Bad project management is a killer. Just look at Boston's Big Dig initiative from 1982 - 2009. (5 points for the oddly specific reference...)
I don't need to get into the importance of good project management and communication, but the needs of a company will vary incredibly depending on the size and the state of the business you are serving. Smaller companies won't have the interest or the focus to iterate on what you're learning every day and larger companies require predictable processes (and invest in them) as trust drivers with the team internally.
I recently began working with a company and had the opportunity to design it from scratch. As it's in the larger band of firms that I can speak to, it made me want to explore what lessons were most impactful and offer some helpful advice from each experience. My experience is from a Business Systems/RevOps leader perspective, so that's where I'll focus.
You're crawling and it's a struggle
Over the past 10 years, it's been clear that Operations is coming in earlier and earlier to scaling companies, which is a good thing. Nothing worse than showing up as the first Revenue Operations or Business Systems person as the 100th employee. In those cases nothing is documented and often you need to break poorly built and unstable implementations and then fix them. That means the first impression you have to the larger team is telling them they are going to lose functionality... very bad.
So, I'm gonna start instead on the preferred clean instance where nothing is built. The good news is that you get to build it all from scratch! Usually these companies are in the <$5 Million ARR range.
Everything is urgent because the business is still figuring out how it should build, sell, bill, and support.
Documentation isn't important because the Operations team is small.
You are the systems expert, and there aren't too many cross approvals needed for new implementations. That means that your boss has no clue what you do, and will only pay attention to you if it breaks or the data is wrong.
The cost of a down system or errors in production is smaller, so often for simplicity's sake you'll just build directly in production.
You're constantly getting dragged in different directions and are plagued with sales reps saying "Hey [Name], you gotta sec?" every 12 seconds.
You'll fall into one of two situations, either you'll have tons of budget with too many systems to support or the be bootstrapped where you can't afford necessary systems and need to get creative... For me it's better to bootstrap.
You'll focus on Salesforce Dashboards, custom Data Analysis, and building new integrations for telephony/cadencing, data buying, and basic metrics.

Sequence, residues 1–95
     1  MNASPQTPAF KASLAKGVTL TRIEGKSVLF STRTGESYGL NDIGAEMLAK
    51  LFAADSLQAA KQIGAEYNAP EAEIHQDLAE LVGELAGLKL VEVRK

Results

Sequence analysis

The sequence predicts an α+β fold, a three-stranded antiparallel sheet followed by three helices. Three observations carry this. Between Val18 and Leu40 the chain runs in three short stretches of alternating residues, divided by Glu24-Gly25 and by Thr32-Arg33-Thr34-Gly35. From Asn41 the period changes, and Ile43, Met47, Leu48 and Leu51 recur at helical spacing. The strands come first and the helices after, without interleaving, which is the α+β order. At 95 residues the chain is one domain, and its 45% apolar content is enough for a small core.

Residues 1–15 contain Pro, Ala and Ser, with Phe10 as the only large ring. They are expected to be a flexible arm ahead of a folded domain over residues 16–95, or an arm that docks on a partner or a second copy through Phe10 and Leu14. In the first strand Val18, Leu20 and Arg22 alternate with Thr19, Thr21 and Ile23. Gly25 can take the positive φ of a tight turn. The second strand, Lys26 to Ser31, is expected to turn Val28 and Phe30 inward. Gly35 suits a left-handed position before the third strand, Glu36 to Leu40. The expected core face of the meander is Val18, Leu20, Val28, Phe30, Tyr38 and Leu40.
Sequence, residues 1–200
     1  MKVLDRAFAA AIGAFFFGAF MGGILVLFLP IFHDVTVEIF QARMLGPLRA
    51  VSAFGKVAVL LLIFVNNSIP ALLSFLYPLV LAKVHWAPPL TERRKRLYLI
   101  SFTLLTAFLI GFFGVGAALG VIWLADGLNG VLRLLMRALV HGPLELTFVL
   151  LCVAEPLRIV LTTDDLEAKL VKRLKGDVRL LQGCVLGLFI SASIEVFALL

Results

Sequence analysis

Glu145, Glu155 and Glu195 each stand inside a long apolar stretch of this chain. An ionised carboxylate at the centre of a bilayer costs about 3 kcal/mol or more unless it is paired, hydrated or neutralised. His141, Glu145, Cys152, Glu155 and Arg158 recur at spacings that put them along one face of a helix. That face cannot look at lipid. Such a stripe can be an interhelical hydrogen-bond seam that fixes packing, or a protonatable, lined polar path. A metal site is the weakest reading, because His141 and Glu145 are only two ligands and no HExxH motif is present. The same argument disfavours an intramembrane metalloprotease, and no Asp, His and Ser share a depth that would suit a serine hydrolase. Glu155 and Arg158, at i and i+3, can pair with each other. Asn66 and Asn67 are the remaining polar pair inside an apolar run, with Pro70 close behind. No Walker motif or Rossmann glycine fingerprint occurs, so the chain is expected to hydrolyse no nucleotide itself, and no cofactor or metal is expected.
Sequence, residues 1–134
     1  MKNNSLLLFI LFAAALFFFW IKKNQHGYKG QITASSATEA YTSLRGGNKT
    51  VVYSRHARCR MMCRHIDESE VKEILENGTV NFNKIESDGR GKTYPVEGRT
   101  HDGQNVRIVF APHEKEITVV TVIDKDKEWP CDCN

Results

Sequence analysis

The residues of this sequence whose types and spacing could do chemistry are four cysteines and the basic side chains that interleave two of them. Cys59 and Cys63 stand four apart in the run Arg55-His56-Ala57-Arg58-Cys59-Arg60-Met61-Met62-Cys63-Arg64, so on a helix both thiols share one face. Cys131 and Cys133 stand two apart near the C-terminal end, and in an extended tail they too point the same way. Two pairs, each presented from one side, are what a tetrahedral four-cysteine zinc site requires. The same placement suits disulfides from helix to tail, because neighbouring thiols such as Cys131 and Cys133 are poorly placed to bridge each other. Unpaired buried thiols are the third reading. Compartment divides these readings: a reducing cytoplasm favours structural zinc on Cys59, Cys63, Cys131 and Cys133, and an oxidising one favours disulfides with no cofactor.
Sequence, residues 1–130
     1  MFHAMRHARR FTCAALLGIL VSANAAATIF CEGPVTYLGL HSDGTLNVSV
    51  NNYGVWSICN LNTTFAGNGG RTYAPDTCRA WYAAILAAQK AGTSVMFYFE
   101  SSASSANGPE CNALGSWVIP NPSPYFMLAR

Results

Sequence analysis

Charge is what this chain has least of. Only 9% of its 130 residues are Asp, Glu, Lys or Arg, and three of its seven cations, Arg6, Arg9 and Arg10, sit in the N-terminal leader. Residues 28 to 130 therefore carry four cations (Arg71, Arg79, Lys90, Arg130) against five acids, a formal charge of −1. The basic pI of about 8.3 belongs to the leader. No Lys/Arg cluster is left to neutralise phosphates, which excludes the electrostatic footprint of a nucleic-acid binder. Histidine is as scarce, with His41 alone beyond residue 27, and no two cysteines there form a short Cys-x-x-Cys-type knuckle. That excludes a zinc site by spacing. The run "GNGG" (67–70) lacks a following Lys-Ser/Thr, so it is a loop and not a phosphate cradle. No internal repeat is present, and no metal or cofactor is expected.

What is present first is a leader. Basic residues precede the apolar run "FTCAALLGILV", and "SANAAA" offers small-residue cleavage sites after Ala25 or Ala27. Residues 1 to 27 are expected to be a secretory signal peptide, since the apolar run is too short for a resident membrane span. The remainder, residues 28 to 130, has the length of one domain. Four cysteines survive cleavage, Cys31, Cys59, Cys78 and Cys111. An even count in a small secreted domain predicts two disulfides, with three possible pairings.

Sounds like fun right?! Honestly, one of my favorite times of my life. The things you don't have all relate to structure, which can be your best friend or worst enemy. During this time the most important thing is to grow revenue as fast as possible. Don't worry about documentation or proving your worth or justifying your time - grow revenue and you'll be fine!
Mr. or Ms. Process
Whew! Made it past the baby company struggle, or have just joined, and are now at stage where you need to organize around creating rules and procedure. You might still be a team of one (you rockstar you) or there is a team now that needs to function together to support the business, it's become imperative that you know who is doing what and when. I've usually seen these patterns up to about $50 MM in ARR.
The business is relatively stable and the day-to-day fires have slowed down.
The company has enough integrations and systems that no one person can really be an expert in all of it, so there is probably a team or 3rd party Consulting firm helping you out.
Coordination around time consuming efforts needs to be discussed if not receive sign off from another leader.
You have a case system where users can create tickets (duplicates in the system, errors they are receiving etc...) and need to triage issues daily.
Changes must happen in the Sandbox before you make them in production, because the cost of an outage is now noticed in lost revenue.
There is still "Hey [Name], you gotta sec?" but now it is every 8 seconds.
You have a budget now and can start to play offense with what you choose to build and implement.
If you are a manager, you'll have to learn to manage experts who know more about their field than you as your team grows.